Now let’s look at the Amazonian rainforest in its entirety. Suppose, we make a diagram, showing a cross section of South America: the Pacific Ocean on the left; the Andes mountain chain, the Amazonian plains, the Atlantic on the right.
We can draw in the low flying clouds coming from the Atlantic with the trade winds. The first rains go down on the eastern plains, on Pará and Maranhão. Much of the rainwater goes back up, forms new clouds and farther west, new rain, new clouds, new rain, new clouds, new rains and so forth. By the time it rains on the eastern slopes of the Andes, it is water that went up and down between five and seven times. The rainforest makes its own climate and is the result of that climate. No use asking, what came first, climate or forest? It would be like asking, what came first, hen or egg?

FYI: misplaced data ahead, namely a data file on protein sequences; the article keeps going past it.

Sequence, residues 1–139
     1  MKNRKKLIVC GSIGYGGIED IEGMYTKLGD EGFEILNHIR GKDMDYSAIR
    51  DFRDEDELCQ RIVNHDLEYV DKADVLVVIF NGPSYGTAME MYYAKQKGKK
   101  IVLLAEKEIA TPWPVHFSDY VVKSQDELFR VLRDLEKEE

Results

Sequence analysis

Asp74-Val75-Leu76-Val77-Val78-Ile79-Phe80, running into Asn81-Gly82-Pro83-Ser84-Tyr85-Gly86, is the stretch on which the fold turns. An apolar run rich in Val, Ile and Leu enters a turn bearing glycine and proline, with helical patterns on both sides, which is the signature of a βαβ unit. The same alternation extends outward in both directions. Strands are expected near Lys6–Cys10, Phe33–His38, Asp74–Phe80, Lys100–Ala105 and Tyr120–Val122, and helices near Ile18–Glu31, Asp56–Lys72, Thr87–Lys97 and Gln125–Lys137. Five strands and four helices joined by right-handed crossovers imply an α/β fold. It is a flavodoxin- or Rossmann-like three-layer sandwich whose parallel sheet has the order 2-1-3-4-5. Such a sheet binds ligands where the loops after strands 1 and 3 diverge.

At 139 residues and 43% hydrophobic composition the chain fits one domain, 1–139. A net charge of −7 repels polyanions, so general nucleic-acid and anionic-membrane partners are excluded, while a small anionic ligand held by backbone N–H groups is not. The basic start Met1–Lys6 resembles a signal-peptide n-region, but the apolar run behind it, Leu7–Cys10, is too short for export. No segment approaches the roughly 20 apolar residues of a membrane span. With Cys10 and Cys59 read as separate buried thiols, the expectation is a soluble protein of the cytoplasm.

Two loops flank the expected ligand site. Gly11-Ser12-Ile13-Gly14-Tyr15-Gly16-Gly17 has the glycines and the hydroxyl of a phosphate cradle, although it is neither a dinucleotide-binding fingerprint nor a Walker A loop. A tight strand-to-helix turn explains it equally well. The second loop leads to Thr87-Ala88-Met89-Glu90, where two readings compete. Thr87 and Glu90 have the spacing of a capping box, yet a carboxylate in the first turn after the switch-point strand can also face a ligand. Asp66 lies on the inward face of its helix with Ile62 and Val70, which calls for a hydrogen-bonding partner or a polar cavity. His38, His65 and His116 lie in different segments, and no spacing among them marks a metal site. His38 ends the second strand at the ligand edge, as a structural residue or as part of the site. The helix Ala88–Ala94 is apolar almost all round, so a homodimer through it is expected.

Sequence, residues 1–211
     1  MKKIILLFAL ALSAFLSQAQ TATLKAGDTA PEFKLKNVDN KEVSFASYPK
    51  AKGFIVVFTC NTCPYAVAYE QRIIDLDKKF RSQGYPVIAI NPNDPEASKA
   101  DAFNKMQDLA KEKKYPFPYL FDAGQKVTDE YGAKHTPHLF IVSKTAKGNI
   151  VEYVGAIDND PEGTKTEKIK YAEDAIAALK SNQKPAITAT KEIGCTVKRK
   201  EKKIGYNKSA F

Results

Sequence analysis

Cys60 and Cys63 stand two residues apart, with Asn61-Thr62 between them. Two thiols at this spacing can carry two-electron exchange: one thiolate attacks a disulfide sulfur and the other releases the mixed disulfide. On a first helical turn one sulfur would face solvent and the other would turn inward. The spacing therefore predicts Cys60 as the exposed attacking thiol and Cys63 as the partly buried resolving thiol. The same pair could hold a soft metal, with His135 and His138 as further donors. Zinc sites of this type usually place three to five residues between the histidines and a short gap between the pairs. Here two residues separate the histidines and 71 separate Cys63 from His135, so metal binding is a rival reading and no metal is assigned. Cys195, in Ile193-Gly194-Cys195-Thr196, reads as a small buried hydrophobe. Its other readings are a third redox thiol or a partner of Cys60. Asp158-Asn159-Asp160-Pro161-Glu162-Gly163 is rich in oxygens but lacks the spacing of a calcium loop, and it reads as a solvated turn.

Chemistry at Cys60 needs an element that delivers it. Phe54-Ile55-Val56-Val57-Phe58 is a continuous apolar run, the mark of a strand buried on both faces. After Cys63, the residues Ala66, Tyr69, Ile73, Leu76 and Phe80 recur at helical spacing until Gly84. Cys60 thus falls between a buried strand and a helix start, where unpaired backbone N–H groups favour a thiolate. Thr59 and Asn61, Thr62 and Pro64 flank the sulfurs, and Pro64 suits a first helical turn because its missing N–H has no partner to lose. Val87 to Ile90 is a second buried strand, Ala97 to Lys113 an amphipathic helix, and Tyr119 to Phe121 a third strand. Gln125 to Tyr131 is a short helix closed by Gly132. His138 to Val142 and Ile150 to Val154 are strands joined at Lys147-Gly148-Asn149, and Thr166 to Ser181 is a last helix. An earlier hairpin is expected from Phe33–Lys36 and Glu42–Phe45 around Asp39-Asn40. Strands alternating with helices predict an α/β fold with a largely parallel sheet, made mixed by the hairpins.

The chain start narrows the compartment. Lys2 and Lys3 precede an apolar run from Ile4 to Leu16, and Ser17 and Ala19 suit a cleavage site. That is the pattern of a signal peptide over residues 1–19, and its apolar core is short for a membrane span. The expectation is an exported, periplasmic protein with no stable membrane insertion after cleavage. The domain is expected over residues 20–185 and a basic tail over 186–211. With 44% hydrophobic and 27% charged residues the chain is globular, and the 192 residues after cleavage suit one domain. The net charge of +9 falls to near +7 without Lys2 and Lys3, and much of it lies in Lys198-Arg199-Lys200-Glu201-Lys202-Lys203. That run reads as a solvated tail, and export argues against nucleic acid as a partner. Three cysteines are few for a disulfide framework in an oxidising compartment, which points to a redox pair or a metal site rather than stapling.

One of the great ironies of the Modern Industrial Society with its technological sophistication is that we now can see the planet as a whole, nobody can clear a hectare of forest or plant an acre of corn without a computer console in the space laboratories of the great powers and some smaller ones showing it. Yet, down here, we continue behaving as if we were blind. Let’s look at Amazonia from a satellite perspective. What we can see, if we keep looking for days or weeks, is amazing and very revealing.
The air masses, as shown by the cloud movements, traveling into central South America from the Atlantic, go west and hit the mountain chain of the Andes. There, the flow splits into three branches. The central part jumps over the mountains into the Pacific and continues west along the Equator, roughly following the convergence of the warm northern sea current, El Niño, with the cold Humboldt stream that comes from the south. A system of interconnected ocean streams and air streams responsible for the incredible richness of life in and above the waters of the coast of Peru and where in the last two decades we have already had serious flipovers that caused overnight collapse of the fishing industry.